August 8, 2008
    Reply
  3. Mr. Market, you say?

    What we have seen is not Libertarian Freedom ( Yes, Greenspan drank the Ann Rand Kool Aid ) but the law of the jungle, with the strong preying on the weak.

    Even Adam Smith recognized that it was in the interest of business to deceive and prey on the public, but to know that you have to actually read the book.

    Tell me how a Baby Boomer is responsible for his retirement investments being scalped by the market? And if they were managed by a company pension plan, well, the managers probably invested in derivatives because they were “sophisticated investors”.

    What we have seen is compensation based on performance, which encouraged high-risk high-return choices, which gave the people making them nine great years even if their company or investment went belly up the tenth. The people doing making these decisions were well compensated for this “success”.

    You might pause to think if the market for your myths has changed along with so many others.

    Bruce Williams
    November 5, 2008
    Reply
  4. Bill Bonner said:

    And pity the poor baby boomers! They’ve lived their whole lives with a pot of honey in their hands. Save money? Why bother? Na na na na live for today! The economy was always expanding…they were always getting richer…jobs were always plentiful…and so were credit cards. Now though, the tables are turning against the boomers. When companies lay off employees – they get rid of the middle-aged, expensive workers – the baby boomers. And since the poor boomers never bothered to save money – and since their houses are losing value – they now face retirement with no money in their pockets and no way to get more.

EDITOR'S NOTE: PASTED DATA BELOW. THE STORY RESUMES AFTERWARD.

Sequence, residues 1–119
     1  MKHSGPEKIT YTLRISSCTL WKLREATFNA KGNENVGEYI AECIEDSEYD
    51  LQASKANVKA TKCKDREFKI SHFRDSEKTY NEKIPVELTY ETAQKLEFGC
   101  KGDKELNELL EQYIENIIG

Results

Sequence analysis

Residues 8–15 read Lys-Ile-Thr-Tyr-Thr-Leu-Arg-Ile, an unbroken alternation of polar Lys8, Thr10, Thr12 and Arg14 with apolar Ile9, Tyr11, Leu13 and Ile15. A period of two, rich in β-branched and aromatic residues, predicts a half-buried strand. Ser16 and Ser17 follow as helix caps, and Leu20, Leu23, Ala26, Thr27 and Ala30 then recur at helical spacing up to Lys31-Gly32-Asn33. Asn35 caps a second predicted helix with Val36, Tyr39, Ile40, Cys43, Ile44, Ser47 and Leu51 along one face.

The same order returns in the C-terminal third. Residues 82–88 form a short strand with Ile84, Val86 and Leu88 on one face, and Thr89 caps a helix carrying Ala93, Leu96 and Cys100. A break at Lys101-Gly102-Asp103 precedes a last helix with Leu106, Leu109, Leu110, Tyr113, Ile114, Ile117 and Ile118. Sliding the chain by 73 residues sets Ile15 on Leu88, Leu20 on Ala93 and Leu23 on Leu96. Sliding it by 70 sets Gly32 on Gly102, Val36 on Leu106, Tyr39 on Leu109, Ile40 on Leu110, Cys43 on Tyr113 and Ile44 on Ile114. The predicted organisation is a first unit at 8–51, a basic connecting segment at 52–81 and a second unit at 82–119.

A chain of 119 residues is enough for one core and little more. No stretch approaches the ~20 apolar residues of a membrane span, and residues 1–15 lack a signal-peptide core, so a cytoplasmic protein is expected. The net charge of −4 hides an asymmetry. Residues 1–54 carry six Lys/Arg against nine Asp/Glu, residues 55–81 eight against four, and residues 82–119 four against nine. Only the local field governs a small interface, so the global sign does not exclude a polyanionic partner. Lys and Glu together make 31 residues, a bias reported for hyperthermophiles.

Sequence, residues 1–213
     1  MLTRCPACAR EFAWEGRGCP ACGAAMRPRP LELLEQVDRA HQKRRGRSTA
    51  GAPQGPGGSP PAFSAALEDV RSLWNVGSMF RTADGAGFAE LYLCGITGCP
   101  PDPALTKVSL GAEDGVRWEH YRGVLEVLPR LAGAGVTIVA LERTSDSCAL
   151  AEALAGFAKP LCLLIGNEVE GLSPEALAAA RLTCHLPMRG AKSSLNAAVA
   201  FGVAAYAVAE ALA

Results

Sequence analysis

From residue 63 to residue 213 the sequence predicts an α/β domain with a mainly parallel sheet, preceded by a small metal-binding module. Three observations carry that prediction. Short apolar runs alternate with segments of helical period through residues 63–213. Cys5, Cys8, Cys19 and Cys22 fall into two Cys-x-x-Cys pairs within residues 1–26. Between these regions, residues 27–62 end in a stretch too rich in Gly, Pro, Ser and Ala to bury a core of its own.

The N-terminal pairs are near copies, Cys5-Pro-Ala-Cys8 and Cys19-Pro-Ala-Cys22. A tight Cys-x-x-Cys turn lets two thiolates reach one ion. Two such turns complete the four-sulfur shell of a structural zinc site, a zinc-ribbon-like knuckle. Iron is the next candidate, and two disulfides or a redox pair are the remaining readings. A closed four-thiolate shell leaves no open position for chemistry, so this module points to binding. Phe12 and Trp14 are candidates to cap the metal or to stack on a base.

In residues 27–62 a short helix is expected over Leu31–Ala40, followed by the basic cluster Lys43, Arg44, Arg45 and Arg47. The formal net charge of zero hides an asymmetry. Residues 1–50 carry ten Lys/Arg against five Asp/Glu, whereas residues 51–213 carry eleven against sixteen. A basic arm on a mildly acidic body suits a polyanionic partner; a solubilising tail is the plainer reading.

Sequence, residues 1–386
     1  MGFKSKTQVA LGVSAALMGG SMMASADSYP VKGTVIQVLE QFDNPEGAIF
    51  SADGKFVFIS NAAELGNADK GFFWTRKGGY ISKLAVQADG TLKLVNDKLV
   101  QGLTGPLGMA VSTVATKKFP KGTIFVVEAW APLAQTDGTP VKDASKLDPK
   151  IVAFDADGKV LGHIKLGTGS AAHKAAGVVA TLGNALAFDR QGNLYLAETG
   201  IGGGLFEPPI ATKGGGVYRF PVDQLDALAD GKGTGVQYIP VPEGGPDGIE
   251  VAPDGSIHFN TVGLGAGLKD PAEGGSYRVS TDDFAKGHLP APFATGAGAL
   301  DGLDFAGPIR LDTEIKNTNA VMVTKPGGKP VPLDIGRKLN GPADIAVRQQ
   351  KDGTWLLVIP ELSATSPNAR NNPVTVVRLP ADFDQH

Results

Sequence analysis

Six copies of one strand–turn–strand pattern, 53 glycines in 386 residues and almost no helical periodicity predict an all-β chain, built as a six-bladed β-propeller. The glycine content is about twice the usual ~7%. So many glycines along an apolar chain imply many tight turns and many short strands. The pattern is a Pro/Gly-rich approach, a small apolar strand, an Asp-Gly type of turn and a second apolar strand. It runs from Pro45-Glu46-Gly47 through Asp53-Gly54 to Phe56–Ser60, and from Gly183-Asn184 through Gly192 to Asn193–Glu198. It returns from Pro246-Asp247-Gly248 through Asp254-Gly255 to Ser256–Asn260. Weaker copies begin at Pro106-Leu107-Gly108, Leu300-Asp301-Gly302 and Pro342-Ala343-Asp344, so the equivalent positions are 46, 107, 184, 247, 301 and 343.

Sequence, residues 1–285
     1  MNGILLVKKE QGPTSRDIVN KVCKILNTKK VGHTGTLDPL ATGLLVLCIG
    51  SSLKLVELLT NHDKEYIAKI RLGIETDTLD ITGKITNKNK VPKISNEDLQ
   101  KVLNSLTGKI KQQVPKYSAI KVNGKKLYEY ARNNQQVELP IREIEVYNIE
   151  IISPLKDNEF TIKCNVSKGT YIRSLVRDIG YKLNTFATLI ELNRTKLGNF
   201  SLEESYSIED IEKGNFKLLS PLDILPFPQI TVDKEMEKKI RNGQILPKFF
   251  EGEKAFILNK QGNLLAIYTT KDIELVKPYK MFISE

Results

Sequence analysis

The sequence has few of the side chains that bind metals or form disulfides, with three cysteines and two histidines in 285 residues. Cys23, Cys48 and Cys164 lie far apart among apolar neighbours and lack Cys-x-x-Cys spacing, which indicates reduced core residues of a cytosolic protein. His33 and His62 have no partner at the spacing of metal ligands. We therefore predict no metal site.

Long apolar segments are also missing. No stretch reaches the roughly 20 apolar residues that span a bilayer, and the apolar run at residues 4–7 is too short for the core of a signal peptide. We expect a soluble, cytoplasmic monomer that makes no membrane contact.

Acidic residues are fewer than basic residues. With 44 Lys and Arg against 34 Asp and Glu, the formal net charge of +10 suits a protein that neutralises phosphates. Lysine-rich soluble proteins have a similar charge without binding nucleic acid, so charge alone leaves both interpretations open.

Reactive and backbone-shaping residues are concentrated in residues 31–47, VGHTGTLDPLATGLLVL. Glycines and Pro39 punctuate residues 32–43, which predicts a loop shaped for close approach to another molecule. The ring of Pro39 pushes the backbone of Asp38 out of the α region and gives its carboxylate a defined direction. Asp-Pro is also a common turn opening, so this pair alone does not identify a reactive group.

——————————————————————————

    What pot of honey? I earn minimum wage; the most I have ever earned in one year is $17K. And I have never had employer-provided fringe benefits. I still have student loan payments.

    So how much could I have realistically saved?

    And how can I earn more money?

    Reply
  5. p.s. I didn’t realize this was an Oz site; I am writing from USA. 17,000 USD currently exchanges to 27,370 AUD. Minimum wage for full time work in USA is approx 12,000 USD or 19,334 AUD.

    Reply
  6. Really well-researched piece on best retirement planning books.. Always keep blogging.

    Reply
  7. Hello!
    I particularly respect your article on Baby Boomers Face Early
    Retirement With No Money Saved and of course I will
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    Reply